Another consumer trend is the shift from product to service. On demand and subscription services across several industries have reinvented the end-to-end consumer experience. With Netflix as an example, the customer is in control. We can watch what we want, when we want and for however long we want. When it comes to millennials, this control is shown through different means – notably, the mega-trend of the self-employed.
‘Apps within apps’ are becoming popular as well. WeChat, for example, is a multi-purpose messaging, social media and mobile payment app. Known as the “app for everything”, it puts the user in complete control.
Buzzvault is a new entry into this field, as a digital and personalised asset vault, that allows you to store things, protect them and make claims, all from one app.
It used to be that driving your own car was the only way you could get around. Now, years later, there are massive changes. Travel apps like Uber, Gett and Lyft present us with a wealth of transport options. Car manufacturers are now calling themselves ‘mobility providers’. Our cars spend their lives sat waiting as we choose differing options of transport, including tubes, buses, taxis and rental bikes. There are shared cars, driverless cars, electric vehicles, fewer younger drivers, and more that continue to push this trend forward.
Growth in car clubs and car sharing is expected to increase car parc by 26% to 1.3m vehicles in 2018, and nearly 90% of private new car sales are purchased using finance such as PCP deals where the car is never owned by the consumer.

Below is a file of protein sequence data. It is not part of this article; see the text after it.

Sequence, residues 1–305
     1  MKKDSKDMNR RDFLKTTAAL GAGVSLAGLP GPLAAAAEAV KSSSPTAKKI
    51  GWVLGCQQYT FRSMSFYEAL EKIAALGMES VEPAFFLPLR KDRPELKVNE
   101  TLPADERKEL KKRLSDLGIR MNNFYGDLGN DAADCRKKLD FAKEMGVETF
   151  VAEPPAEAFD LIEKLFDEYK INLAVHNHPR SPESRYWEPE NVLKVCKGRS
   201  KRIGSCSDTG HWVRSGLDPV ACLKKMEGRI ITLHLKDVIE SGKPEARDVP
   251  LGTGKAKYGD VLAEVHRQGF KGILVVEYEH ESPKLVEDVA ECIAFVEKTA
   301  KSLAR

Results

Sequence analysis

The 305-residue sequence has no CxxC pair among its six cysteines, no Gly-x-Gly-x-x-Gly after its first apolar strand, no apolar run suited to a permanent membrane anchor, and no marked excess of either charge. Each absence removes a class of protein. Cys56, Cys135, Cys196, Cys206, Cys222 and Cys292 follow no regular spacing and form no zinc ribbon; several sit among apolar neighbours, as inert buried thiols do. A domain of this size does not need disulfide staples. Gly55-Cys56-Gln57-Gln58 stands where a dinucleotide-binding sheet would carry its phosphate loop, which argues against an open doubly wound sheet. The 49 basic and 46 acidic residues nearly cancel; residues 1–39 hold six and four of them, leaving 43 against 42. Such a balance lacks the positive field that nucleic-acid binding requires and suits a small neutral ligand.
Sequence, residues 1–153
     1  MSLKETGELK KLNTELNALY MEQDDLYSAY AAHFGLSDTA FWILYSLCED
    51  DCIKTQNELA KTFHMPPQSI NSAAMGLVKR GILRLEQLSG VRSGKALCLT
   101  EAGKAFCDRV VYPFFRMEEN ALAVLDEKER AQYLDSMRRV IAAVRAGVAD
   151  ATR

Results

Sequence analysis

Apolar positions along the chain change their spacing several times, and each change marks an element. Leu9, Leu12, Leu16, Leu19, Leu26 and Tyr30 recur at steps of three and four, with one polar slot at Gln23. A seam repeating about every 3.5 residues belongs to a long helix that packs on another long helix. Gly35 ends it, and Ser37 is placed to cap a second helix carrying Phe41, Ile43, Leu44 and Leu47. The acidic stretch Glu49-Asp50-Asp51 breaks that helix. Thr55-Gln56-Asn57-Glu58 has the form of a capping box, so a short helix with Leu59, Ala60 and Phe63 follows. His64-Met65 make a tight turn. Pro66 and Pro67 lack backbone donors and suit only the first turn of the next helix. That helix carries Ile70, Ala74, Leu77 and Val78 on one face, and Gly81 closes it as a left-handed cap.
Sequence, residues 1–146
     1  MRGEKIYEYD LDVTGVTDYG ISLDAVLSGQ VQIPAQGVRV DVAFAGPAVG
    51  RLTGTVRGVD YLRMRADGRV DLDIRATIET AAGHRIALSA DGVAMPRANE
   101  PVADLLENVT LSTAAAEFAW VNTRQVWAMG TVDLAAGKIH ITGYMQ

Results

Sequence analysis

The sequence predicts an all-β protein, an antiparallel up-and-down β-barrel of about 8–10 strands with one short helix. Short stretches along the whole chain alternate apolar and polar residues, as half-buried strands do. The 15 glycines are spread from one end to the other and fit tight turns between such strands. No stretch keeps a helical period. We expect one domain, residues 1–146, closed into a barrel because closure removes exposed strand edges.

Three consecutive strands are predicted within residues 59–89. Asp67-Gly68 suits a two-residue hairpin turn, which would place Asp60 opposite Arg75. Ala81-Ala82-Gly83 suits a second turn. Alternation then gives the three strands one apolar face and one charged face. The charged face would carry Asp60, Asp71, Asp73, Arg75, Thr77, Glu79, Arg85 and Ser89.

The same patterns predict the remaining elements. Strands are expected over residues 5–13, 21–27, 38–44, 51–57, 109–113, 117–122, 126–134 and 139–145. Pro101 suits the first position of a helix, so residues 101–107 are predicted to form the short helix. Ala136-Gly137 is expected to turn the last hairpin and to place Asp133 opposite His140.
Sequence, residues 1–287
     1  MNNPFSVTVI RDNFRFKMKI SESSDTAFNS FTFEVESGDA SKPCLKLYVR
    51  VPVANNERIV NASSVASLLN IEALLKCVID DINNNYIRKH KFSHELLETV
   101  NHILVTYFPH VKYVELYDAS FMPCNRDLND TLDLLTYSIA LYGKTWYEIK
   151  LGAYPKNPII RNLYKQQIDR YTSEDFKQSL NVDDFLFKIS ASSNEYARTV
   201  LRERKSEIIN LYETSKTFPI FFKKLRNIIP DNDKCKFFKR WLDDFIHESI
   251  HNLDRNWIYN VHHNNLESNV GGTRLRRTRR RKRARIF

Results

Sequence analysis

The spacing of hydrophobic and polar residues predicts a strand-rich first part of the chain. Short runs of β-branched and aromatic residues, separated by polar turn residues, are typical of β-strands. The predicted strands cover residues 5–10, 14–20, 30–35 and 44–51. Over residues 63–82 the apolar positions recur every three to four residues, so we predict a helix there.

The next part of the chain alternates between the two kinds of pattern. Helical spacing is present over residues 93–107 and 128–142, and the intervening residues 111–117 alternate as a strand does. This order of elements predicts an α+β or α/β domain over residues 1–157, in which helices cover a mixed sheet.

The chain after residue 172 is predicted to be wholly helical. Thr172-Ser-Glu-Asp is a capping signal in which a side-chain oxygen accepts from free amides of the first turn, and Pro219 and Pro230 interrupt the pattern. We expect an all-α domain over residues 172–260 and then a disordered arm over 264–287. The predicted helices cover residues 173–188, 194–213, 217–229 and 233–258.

Wrisk is a company that BMW chose to be its sole insurance partner in the UK in 2018. It aims to provide customers with a single platform for all their insurance policies. This is all based on an app that offers on-demand services which are hyper-convenient for the user, keeping up with the changing consumer base.
The rise of using data and artificial intelligence results in a deeply personalised journey for the customer. IoT device growth is at 22% CAGR, and 78% of marketers are adopting or expanding artificial intelligence marketing solutions in 2018.
When we think about companies like Amazon, this is easy to see. Customers buying habits are tracked since their account is created. Not only does the site suggest things you might like to buy, but it shows what buyers just like you have ordered, what they’ve ordered it with, and what they might be looking to order in the future.
Brolly is a new player in the market: a personalised insurance concierge service. Another organisation reliant on technology, Brolly is an app that allows the consumer to find out which insurance cover they need, what they’re missing out on and how to optimise their portfolio. Just like amazon, it compares you to similar people, and tracks spending with a personalised feed.
On Wednesday 3 July, Consumer Intelligence CEO, Ian Hughes, will be the keynote speaker at Insurance 2025. He will be revealing the data that sits behind these four big consumer trends, supporting by insight from real consumers that will help brands prepare for the challenges ahead. Never seen before research conducted by Consumer Intelligence will be revealed on the day as he explores not only how millennials are impacting the market, but how other generations are growing and adapting to a changing world, ultimately opening up the discussion: what does the future hold for the world of insurance?
 Financial Conduct Authority
 Frost and Sullivan Global Mobility Industry Outlook 2018
 Frost and Finance and Vehicle Licensing Association May 18